Board Room View Not Always Sunny, Even When In The Islands

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Not surprisingly, Jim This has found a common theme among the credit unions and boards with which he often consults: what to do about the ongoing margin compression.

“They’ve been able to cover that for the last five years with courtesy pay,” said This during the Volunteer Leadership Institute conference hosted by his company, Paragon Consulting Group, in Wailea, Maui recently. “But legislative changes may make that less lucrative. They’re very focused right now on other sources of income. The question now has become what is the next courtesy pay?”

This, whose Olympia, Wash.-based company primarily does strategic planning, marketing planning and board governance consulting with credit unions, said he has seen increased interest from CUs in one other areas conversions. But not those kinds of conversions: rather, core system conversions, the much dreaded, just-once-in-my-career-please changeovers. This said more CUs have been asking for assistance with related RFPs and evaluations.

“I think the other thing that is occurring is that boards, especially as credit unions get larger and more sophisticated, are seeing that the level of education they need is really getting higher,” said This during a break between sessions at the Institute. “Many credit unions are insisting that they do the training and the development as things get more complicated.”

When it comes to planning a conference for board members and other volunteers, This said planning is based on a projection of what will be appearing in board packets over the next few years. “Board members realize the challenge of staying current,” he said.

This acknowledged the flip side of that is true, too–getting current board members, i.e., some new blood. He noted he recently participated in a roundtable discussion of how to recruit new board members. Some around the table reported they have very good programs for finding fresh volunteers; others said they could not find anyone.

“What we need to change is the board nomination committee needs to become the board development committee,” said This. “This committee can also manage the training so that all year long there is ongoing education and they are also on the lookout for new people. Some credit unions have an apprentice board or they appoint someone who is not elected to the board for a year or so so they can see if they are comfortable with the demands.”

This said his other big concern is the role played by the supervisory committee as balance sheets become so much more sophisticated and demanding. “I see the role of the volunteer supervisory committee going the way of the volunteer credit committee, with most of the heavy lifting being done on the professional side,” he said.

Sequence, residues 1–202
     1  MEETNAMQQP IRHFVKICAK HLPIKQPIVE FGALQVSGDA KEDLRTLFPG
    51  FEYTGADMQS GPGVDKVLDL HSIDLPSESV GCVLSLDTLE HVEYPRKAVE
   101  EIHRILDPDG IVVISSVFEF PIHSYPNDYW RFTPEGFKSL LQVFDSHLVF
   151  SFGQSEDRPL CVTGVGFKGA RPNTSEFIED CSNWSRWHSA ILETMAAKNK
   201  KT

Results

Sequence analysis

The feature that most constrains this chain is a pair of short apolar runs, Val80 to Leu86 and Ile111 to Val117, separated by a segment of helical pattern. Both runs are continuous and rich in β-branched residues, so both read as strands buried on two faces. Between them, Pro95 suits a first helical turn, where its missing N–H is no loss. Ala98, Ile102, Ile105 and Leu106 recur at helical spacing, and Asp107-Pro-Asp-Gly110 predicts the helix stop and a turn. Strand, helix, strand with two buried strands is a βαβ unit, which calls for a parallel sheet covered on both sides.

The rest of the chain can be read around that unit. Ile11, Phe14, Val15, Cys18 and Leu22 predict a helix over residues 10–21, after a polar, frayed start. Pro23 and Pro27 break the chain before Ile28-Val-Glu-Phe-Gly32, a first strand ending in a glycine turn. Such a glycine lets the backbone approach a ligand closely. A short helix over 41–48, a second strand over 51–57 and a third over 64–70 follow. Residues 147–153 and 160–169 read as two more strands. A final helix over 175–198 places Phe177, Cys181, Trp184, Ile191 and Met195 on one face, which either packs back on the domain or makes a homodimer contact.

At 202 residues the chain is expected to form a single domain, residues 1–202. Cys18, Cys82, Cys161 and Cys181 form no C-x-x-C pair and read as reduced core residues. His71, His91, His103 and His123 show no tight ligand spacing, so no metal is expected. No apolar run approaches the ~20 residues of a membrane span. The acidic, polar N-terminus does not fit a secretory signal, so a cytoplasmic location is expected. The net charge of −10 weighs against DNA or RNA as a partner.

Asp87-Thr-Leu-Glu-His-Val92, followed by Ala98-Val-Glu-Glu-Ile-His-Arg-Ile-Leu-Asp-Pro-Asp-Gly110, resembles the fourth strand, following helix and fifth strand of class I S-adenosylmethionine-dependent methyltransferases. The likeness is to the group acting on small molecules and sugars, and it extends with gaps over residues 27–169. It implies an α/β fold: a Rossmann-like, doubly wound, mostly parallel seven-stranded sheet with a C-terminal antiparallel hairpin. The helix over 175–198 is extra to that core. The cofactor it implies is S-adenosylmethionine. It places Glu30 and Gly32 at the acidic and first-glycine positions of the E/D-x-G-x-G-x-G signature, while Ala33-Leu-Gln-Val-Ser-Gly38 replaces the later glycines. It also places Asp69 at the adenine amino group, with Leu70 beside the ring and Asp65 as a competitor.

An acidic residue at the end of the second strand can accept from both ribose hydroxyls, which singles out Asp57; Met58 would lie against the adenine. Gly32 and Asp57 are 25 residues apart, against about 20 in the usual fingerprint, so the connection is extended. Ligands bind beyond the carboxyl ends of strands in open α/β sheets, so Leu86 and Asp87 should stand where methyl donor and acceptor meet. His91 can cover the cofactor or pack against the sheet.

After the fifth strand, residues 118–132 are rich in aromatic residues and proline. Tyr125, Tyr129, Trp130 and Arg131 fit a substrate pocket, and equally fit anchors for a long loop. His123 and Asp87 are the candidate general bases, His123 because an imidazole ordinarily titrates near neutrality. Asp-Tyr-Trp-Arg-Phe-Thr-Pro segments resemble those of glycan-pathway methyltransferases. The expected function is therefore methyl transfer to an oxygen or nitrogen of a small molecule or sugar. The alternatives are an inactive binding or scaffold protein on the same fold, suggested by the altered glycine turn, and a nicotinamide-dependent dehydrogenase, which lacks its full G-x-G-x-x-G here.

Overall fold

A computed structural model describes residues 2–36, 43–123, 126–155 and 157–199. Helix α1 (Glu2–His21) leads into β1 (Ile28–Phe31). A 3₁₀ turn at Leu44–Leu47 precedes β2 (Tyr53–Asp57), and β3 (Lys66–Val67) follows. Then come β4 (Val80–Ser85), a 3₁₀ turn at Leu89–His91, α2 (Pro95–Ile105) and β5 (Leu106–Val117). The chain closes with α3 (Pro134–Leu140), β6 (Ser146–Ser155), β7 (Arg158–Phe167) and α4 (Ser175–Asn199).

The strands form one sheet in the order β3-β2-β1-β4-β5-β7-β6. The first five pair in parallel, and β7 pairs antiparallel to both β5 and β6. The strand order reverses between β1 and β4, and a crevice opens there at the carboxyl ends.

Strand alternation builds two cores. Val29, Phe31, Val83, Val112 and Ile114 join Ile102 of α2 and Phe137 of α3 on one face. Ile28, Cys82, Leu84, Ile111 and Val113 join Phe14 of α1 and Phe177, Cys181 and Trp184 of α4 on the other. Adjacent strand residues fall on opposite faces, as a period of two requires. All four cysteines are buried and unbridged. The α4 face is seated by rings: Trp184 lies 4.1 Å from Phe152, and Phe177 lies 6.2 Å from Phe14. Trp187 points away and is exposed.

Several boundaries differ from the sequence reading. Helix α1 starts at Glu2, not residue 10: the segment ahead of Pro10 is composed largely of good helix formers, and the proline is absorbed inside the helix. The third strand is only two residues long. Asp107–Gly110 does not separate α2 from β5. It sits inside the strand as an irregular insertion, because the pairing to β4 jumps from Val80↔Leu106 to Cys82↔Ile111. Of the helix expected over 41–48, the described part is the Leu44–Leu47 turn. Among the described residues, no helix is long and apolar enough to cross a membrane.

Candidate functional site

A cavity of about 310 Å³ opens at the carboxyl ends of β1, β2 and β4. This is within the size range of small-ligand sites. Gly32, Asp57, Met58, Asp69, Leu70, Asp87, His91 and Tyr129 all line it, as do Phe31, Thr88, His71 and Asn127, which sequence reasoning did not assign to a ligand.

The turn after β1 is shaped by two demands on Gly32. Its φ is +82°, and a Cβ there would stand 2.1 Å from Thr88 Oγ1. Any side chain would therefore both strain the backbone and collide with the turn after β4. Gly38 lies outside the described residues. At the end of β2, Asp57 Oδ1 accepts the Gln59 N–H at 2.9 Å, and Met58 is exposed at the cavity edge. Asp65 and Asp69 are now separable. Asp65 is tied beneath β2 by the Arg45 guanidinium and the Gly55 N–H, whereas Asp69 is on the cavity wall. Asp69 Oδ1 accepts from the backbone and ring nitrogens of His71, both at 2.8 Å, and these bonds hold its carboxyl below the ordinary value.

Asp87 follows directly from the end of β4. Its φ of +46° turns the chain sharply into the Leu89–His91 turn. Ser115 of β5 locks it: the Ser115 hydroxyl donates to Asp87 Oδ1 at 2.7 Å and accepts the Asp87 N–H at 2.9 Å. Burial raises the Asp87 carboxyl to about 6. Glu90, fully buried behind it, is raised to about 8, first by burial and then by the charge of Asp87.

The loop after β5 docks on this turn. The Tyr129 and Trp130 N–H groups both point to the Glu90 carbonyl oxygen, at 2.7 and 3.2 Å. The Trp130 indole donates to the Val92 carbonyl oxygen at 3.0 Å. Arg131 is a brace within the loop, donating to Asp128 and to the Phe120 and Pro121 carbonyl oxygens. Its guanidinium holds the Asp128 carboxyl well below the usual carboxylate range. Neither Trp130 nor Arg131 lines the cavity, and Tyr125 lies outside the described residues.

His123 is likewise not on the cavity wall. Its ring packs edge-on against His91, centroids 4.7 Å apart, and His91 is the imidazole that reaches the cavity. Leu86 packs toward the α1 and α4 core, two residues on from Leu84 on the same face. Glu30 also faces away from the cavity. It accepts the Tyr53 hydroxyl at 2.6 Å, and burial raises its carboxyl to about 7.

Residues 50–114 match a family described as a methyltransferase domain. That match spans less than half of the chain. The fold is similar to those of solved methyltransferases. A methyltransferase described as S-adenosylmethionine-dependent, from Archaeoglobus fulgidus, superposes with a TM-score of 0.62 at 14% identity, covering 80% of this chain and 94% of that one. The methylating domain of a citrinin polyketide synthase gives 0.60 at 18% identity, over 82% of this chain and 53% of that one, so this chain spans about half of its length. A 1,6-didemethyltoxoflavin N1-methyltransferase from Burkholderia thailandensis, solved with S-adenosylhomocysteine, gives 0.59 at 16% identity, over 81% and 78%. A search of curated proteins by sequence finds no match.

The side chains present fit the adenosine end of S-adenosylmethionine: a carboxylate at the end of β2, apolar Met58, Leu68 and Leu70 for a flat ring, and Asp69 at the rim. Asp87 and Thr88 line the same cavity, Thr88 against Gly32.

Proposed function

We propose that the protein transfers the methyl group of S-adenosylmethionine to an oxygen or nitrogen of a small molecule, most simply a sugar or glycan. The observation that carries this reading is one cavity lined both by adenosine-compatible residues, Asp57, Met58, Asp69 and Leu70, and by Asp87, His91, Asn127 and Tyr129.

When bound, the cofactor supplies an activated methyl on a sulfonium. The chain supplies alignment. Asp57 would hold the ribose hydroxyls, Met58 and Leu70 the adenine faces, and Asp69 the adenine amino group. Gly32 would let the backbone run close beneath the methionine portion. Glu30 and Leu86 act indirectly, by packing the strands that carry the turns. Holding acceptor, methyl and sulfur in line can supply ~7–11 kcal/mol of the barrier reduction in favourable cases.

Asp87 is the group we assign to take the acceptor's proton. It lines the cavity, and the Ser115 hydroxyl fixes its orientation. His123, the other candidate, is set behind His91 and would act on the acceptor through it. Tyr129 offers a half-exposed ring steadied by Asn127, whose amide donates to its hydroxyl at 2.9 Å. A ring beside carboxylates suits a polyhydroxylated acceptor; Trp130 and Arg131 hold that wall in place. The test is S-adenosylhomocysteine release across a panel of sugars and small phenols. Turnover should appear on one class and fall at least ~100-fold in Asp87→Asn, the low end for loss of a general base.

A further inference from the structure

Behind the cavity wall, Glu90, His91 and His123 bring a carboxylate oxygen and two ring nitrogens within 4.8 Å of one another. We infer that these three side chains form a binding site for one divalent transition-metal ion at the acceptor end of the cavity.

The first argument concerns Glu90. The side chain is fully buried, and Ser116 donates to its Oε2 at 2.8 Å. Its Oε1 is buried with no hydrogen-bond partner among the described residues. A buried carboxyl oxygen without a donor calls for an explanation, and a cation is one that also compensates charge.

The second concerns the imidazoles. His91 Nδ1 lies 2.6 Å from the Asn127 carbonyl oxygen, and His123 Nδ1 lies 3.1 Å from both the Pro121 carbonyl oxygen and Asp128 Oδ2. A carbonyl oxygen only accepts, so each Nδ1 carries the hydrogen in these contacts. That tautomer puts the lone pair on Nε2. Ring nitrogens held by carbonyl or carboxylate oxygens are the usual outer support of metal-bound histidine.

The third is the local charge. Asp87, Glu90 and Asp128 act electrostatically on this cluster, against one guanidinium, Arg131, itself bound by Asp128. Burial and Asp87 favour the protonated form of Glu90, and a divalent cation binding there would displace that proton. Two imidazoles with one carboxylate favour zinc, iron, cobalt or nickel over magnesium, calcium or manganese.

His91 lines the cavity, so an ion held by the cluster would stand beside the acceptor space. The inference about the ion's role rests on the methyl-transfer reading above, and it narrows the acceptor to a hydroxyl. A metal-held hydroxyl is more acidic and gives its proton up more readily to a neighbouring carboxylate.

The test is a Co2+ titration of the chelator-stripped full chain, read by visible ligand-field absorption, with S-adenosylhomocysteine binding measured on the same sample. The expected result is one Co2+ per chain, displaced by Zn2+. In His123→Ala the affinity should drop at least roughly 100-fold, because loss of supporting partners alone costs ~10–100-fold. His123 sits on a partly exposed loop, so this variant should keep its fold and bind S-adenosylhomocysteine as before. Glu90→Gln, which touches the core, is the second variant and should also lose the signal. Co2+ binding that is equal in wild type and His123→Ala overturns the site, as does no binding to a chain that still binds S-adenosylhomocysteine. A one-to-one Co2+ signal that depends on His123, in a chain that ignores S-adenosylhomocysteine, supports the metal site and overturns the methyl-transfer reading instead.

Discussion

This, who told a conference audience that he had seen the morning’s stock market reports and “my 401(k) is now a 101(k),” and Paragon have hosted the Volunteer Leadership Institute in Hawaii for more than a decade. This year, however, they are going to pilot a second meeting targeted at volunteers in Hilton Head, S.C. in July. For details:

* In separate remarks before the Volunteer Leadership Institute, Hawaii league CEO Dennis Tanimoto noted that the average visitor to the islands spends $1,600 per person. Tanimoto cited some plans within Congress as part of an economic stimulus package to give as much as $800 to each taxpayer and observed, “so the federal government is now even helping to subsidize half of your Hawaii spending.”

* If ever there is a good time to feel good about yourself it’s at any conference in Hawaii, especially one at a Marriott resort that sits surfside. Yet there was a fair amount of pessimism in a room of more than 250 CU volunteers when they were asked about how they would grade the “relevance” of credit unions and the overall job being done.

* As the story on page 10 notes in more detail, Mark Meyer, executive director of the Filene Research Institute, asked for a show of hands in grading the relevance of CUs in the financial services market. There were almost no hands raised for “A” and a few for “B.” Most said “C,” with other hands saying they give credit unions a “D” and a few hesitant hands half-raised for an “F.”

* The real issue here is that if you truly believe your credit union is doing that poor a job or has that bleak a future, what are you doing on the CU’s dime in Maui when apparently there are bigger issues at home? What’s really needed is a recognition that the competition is feeling the same pressures. Small and midsize banks would likely not give themselves any higher grades, and just look at the losses some of the largest banks are reporting right now.

* One last reminder to submit your favorite memories from the fight to get HR 1151 passed in 1997-98 for inclusion in a special issue to be published March 3. Just click on

Frank J. Diekmann can be reached at fdiekmann (c) 2008 The Credit Union Journal and SourceMedia, Inc. All Rights Reserved.

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